Rio Grande

1950

Rio Grande (1950)

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Critic Consensus: No consensus yet.

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Movie Info

The last entry in the John Ford-John Wayne "Cavalry Trilogy," this film stars Wayne as Lt. Col. Kirby Yorke, whose devotion to duty has cost him his marriage. When Yorke's son Jeff is assigned to his father's post, Yorke is determined not to afford any preferential treatment to the boy.

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Cast

John Wayne
as Lt. Col. Kirby Yorke
Maureen O'Hara
as Mrs. Kathleen Yorke
Ben Johnson
as Trooper Travis Tyree
Harry Carey Jr.
as Trooper Daniel `Sandy' Boone
Victor McLaglen
as Sgt. Maj. Timothy Quincannon
Chill Wills
as Dr. Wilkins (regimental surgeon)
J. Carroll Naish
as Lt. Gen. Philip Sheridan
Grant Withers
as Deputy Marshal
Peter Ortiz
as Capt. St. Jacques
Karolyn Grimes
as Margaret Mary
Alberto Morin
as Lieutenant
Stan Jones
as Sergeant
Claude Jarman Jr.
as Trooper Jefferson `Jeff' Yorke
Ken Curtis
as Regimental singer
Hugh Farr
as Regimental Singer
Carl Farr
as Regimental Singer
Lloyd Perryman
as Regimental Singer
Shug Fisher
as Regimental singer
Tommy Doss
as Regimental Singer
Jack Pennick
as Sergeant
Cliff Lyons
as Soldier
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Critic Reviews for Rio Grande

All Critics (12)

I like it better than the problematic Fort Apache; it's far simpler and more effective.

Jan 3, 2008 | Full Review…

In this Ford's Western, part of a trilogy that also includes She Wore a Yellow Ribbon, Wayne gets to play the tough biological and sociological father of his recruits, which include his son.

Aug 9, 2006 | Rating: B | Full Review…

A minor but enjoyable John Ford and John Wayne collaboration.

Jul 20, 2005 | Rating: B | Full Review…

a cookie-cutter, spit-'em-out, assembly-line product

Oct 19, 2002 | Rating: 2/5

Audience Reviews for Rio Grande

Though the least impressive of Ford's three "Cavalry" films, this still is a great film.

Graham Jones
Graham Jones

Super Reviewer

The true sequel to Fort Apache in that you get to see what happens to Yorke and the remaining troops. This is a lot more of a relationship based movie than the other two, maybe that's what makes it so powerful. John Wayne's performance is even stronger this time around and he plays such a timeless character. The father/son storyline is such a classic representation, but so well done that it doesn't feel stale. John Ford truly is the greatest pioneer in film-making and took all the risks and leaps that no one else dared to do.

Conner Rainwater
Conner Rainwater

Super Reviewer

Director John Ford agreed to make this one in a deal with Republic Pictures to secure financing for his pet project, The Quiet Man. Never one to do things half-ass, Ford secured a rather large budget and a top notch supporting cast for his two stars, John Wayne and Maureen O'Hara. Rio Grande isn't Ford's most popular or most acclaimed film, but it's hard to deny it's prototypical old-west charm.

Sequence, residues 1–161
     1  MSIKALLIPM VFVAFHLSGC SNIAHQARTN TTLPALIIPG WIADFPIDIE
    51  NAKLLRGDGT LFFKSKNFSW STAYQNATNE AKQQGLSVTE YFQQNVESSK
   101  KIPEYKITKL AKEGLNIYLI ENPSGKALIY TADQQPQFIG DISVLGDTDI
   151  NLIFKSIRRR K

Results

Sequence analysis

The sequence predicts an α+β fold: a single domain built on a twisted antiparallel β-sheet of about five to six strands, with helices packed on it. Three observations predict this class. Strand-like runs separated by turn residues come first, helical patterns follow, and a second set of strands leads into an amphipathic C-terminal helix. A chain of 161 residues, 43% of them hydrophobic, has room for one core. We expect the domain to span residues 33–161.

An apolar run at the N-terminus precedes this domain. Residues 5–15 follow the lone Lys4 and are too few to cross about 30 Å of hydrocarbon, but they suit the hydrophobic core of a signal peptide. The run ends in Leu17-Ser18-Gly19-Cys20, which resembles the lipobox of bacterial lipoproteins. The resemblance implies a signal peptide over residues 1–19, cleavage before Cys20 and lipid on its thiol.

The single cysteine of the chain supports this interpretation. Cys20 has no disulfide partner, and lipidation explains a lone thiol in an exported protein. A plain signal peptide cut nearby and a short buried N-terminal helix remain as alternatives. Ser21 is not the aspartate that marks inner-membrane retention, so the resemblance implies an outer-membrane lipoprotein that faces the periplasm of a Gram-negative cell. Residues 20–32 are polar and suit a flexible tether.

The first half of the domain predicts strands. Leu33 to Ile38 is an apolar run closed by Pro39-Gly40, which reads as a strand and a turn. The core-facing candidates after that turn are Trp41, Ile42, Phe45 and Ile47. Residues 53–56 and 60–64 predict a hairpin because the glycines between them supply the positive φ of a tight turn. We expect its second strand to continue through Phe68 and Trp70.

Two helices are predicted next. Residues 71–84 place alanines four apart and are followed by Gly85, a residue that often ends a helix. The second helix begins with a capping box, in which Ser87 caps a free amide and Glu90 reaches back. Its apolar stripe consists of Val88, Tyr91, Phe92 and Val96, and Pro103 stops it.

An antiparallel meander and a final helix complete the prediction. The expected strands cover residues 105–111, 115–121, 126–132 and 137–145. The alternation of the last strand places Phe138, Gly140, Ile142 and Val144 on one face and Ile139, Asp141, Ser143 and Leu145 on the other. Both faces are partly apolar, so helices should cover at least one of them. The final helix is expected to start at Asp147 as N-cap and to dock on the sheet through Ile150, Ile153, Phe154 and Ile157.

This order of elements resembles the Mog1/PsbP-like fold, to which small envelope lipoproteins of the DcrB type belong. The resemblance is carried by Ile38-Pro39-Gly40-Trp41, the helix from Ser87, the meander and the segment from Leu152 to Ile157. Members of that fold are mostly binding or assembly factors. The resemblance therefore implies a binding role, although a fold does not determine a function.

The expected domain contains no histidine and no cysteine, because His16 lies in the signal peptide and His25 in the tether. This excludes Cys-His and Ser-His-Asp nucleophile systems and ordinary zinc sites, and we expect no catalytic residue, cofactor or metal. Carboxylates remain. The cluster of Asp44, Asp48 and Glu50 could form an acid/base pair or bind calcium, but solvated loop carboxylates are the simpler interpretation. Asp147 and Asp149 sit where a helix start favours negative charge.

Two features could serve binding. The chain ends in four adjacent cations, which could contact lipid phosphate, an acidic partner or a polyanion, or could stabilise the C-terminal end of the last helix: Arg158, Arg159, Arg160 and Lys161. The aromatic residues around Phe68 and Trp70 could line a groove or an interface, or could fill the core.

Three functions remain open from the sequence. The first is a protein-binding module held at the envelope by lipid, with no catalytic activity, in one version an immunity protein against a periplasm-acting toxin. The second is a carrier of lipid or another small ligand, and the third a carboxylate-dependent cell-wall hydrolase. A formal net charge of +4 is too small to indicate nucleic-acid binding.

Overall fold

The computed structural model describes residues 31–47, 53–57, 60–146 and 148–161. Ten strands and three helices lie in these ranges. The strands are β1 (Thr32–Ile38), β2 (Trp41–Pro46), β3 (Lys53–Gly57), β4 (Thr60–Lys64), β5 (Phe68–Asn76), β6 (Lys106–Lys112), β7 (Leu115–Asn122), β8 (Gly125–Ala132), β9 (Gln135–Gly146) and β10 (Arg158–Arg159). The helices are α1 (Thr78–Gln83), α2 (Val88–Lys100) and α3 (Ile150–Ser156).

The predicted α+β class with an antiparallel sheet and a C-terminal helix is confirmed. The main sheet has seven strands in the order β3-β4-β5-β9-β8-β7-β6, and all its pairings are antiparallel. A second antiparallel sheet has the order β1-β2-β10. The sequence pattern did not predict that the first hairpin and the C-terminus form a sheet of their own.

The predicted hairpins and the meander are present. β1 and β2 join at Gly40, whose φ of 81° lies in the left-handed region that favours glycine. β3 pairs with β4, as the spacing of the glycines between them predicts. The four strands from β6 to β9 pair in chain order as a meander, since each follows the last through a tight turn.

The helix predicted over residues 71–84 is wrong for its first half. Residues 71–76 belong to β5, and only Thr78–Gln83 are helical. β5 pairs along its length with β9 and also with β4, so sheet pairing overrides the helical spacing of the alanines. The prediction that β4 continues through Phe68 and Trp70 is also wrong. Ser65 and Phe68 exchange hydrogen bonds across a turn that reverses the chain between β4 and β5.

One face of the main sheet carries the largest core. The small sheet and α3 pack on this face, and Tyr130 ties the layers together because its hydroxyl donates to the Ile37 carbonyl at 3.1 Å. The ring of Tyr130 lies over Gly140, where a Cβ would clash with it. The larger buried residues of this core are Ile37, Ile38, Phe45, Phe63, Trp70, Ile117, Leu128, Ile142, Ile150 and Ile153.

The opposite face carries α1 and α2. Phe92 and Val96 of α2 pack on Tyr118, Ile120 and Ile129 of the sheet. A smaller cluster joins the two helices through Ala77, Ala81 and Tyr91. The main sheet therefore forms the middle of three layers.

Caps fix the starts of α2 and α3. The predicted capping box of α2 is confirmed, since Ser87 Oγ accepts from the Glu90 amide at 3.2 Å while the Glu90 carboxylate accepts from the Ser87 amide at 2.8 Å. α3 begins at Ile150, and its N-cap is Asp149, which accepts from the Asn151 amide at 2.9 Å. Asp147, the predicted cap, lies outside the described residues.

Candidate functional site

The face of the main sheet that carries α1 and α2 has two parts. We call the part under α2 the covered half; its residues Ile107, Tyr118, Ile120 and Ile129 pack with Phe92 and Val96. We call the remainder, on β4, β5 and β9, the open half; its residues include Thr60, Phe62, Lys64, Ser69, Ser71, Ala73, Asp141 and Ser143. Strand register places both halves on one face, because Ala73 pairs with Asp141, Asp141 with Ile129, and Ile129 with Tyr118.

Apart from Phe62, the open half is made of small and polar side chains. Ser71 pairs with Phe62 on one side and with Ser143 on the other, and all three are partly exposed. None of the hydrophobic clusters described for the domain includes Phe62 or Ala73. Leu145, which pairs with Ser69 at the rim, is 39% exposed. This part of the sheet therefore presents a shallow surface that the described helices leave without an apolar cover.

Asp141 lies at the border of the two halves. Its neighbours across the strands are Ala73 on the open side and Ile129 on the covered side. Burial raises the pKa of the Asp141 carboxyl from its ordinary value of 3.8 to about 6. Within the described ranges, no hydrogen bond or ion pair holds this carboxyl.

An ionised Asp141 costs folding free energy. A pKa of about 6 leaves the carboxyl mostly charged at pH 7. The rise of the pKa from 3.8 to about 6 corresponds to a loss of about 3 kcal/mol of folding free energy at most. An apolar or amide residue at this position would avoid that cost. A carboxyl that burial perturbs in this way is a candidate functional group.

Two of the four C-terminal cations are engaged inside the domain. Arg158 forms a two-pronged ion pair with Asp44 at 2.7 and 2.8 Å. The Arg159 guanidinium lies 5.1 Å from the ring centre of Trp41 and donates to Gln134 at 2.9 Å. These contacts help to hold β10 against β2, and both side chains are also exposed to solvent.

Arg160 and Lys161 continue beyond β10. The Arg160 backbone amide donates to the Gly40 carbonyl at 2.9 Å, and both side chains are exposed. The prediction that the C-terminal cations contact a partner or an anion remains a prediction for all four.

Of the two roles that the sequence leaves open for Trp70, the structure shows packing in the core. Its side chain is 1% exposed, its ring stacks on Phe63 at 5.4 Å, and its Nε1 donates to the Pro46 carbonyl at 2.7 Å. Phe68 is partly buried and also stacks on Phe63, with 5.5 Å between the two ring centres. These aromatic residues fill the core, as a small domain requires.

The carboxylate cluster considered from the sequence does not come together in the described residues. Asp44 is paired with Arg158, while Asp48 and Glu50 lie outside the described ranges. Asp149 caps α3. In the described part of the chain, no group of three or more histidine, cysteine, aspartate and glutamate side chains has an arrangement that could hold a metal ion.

Randy Tippy
Randy Tippy

Super Reviewer

½

As many people know, Rio Grande is the third installation of John Ford's sweeping "Cavalry trilogy*," his paean and dirge for the forging of the West after the Cival War. In each, there is Indian fighting, romance and Monument Valley. Younger officers look forward to winning glory in the Indian Wars while the older, veteran officers who served in the Civil War are tired of fighting and would rather keep the peace instead. And the enlisted men coming from all walks of life, some running from something, others trying to find something, but all taking war and peace as they come. They want to stay alive, but aren't too worried about dying. Unlike the first two cavalry films, Rio Grande focuses more on the love between an Army officer and his wife, and the pain his life causes her. This pain is made even worse by the fact that their son has chosen to follow his father's way of life, and winds up serving in his father's command. When, as is inevitable, Indians flee their reservation, the family becomes embroiled in war against the Apaches (whom, everyone knows, were the toughest, most ruthless and evil Indian fighters of them all := ). This is where Ford starts to swerve away from ordinary westerns. While his Indians are fierce and tough, Ford tries to show in all the Cavalry films that they are also honourable and fighting for home and family, not because they are evil. And while Wayne's character must pursue his Indians until they're either captured or dead, he is not without both sympathy and respect, and with the knowledge that it is the white man's treatment of them that is at the heart of the war. It's more than certain that John Ford has become my favorite director. His ability to make stories with depth, compassion and remarkable truth has caused his films to last. I hope that you will see all of the Cavalry Trilogy, and then seek out all of his other films. *The other films in the trilogy are Fort Apache (1948) and She Wore A Yellow Ribbon (1949).

Cassandra Maples
Cassandra Maples

Super Reviewer

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